--------------------------------------------------
Note added at 4 hrs (2019-12-08 17:08:03 GMT)
--------------------------------------------------

As I said, on first reading I'd have agreed with the WordRef answers that Bayard is the better horse but it's clear from looking at context that Silver Blaze will be the one handicapped.

--------------------------------------------------
Note added at 5 hrs (2019-12-08 17:15:21 GMT)
--------------------------------------------------

More relevent context
Silver Blaze," ...holds as brilliant a record as his famous ancestor. ..and has brought in turn each of the prizes of the turf to Colonel Ross, ...Up to the time of the catastrophe he was the first favourite for the Wessex Cup, the betting being three to one on him. He has always, however, been a prime favourite with the racing public, and has never yet disappointed them, so that even at those odds enormous sums of money have been laid upon him.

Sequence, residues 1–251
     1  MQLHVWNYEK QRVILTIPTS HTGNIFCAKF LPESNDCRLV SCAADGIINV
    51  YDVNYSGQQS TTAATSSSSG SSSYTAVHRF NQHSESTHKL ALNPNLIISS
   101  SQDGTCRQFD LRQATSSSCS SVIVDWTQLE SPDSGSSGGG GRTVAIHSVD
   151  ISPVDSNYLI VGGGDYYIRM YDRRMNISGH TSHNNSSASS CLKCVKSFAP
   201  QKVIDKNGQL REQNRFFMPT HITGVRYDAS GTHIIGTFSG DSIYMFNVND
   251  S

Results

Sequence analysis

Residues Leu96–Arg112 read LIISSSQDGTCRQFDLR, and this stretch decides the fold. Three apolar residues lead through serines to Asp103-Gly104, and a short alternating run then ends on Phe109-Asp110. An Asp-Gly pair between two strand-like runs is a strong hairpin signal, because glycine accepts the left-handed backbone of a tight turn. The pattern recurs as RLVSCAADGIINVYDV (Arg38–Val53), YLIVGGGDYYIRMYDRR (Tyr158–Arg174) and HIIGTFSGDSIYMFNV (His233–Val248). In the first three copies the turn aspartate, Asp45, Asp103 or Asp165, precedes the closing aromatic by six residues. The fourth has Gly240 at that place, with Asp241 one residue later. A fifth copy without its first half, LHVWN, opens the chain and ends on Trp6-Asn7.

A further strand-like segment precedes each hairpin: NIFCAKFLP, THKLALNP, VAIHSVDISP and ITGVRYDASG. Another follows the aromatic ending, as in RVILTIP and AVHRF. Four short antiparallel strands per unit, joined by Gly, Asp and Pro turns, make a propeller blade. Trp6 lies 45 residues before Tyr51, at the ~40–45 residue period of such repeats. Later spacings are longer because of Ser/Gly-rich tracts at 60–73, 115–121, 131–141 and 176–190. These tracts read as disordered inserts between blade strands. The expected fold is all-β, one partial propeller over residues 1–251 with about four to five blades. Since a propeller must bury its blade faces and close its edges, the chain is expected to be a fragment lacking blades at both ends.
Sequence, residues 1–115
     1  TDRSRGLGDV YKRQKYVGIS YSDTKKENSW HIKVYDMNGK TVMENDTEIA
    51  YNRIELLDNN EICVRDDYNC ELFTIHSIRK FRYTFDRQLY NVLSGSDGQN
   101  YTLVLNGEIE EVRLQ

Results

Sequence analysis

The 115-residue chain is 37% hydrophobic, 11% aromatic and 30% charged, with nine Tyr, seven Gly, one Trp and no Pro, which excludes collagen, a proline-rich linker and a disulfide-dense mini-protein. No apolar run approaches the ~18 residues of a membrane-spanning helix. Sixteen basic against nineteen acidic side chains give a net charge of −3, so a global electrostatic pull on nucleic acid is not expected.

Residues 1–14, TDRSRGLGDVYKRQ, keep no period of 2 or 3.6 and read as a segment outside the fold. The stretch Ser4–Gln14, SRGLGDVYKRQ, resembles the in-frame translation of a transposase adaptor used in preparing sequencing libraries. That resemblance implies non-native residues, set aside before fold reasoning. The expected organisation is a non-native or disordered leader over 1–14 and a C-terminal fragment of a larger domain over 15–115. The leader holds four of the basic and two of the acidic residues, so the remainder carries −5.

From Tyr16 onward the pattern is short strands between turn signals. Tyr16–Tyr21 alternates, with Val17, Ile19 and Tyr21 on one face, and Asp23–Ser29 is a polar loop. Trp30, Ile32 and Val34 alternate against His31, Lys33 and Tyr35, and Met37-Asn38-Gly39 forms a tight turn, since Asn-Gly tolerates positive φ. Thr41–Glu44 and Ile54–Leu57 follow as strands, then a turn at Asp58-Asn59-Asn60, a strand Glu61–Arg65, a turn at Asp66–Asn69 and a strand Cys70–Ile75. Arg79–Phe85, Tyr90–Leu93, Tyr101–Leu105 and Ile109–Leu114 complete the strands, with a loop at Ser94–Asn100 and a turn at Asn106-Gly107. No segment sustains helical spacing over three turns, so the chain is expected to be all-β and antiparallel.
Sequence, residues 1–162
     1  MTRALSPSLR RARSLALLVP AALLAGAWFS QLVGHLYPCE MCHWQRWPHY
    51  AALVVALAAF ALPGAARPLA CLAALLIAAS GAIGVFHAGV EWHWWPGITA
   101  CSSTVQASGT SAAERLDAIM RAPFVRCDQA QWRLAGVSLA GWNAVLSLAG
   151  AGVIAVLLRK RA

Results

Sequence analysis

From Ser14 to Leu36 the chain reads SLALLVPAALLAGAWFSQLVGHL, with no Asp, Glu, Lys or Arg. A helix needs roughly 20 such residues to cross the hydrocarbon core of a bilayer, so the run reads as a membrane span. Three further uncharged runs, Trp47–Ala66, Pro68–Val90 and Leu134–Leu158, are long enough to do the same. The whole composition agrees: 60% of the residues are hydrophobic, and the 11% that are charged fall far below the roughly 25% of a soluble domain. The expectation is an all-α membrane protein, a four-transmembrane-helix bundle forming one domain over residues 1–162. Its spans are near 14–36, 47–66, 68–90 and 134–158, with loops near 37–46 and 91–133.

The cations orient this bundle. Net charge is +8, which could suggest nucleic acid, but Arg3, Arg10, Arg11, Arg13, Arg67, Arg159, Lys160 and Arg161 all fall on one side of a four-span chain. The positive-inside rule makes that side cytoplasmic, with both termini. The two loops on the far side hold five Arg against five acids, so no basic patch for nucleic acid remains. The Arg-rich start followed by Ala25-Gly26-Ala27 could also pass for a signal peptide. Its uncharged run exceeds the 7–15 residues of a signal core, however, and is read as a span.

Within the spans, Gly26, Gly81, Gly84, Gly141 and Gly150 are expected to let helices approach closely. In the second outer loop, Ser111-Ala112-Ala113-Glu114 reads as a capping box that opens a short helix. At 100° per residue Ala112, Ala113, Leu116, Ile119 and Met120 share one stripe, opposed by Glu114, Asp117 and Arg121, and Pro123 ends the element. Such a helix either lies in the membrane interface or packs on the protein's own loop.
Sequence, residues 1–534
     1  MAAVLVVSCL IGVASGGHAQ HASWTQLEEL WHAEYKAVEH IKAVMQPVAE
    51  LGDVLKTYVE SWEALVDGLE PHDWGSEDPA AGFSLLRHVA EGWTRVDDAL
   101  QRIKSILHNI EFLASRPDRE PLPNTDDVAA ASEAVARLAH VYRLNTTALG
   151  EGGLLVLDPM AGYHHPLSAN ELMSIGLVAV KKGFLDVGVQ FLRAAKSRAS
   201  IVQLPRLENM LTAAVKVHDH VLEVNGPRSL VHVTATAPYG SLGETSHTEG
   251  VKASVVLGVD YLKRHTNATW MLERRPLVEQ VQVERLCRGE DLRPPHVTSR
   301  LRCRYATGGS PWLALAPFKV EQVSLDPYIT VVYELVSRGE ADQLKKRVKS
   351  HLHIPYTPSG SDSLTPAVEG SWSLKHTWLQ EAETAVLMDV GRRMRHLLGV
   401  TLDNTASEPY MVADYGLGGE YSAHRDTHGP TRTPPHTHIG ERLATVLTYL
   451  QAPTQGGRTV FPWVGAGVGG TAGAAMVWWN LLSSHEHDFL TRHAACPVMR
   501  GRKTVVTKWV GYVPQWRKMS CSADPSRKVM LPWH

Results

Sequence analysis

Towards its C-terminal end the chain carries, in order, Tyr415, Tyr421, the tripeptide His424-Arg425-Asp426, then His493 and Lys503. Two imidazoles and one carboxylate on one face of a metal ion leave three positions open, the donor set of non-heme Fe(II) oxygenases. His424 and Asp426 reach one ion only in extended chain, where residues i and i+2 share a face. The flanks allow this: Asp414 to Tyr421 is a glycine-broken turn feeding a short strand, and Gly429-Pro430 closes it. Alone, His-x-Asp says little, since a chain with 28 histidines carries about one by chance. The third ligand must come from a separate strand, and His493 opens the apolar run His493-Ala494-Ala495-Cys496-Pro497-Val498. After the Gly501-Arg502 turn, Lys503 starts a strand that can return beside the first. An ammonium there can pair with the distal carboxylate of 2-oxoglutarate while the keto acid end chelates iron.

--------------------------------------------------
Note added at 6 hrs (2019-12-08 18:44:15 GMT)
--------------------------------------------------

Yes, it's obvious the asker (Simpson) wants Silver Blaze to lose in this line and must have heard a rumour (or been told) that the trainer (Straker) intended to nobble the horse himself (cut it), or have someone else do it, which was why the stable boy was drugged

--------------------------------------------------
Note added at 6 hrs (2019-12-08 18:48:58 GMT)
--------------------------------------------------

the odds on Bayard would have been MUCH better (so much more to win), and certainly better than 5 to 4 on, as it was not the favourite.